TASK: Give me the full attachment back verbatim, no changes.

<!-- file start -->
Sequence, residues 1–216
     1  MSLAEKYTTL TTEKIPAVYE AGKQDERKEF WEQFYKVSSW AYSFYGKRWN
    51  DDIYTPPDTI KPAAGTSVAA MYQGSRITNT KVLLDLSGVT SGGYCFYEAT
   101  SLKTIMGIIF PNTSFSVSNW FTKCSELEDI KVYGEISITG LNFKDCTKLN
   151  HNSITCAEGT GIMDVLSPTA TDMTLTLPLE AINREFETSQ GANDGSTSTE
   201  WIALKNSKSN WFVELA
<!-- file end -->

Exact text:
Sequence, residues 1–216
     1  MSLAEKYTTL TTEKIPAVYE AGKQDERKEF WEQFYKVSSW AYSFYGKRWN
    51  DDIYTPPDTI KPAAGTSVAA MYQGSRITNT KVLLDLSGVT SGGYCFYEAT
   101  SLKTIMGIIF PNTSFSVSNW FTKCSELEDI KVYGEISITG LNFKDCTKLN
   151  HNSITCAEGT GIMDVLSPTA TDMTLTLPLE AINREFETSQ GANDGSTSTE
   201  WIALKNSKSN WFVELA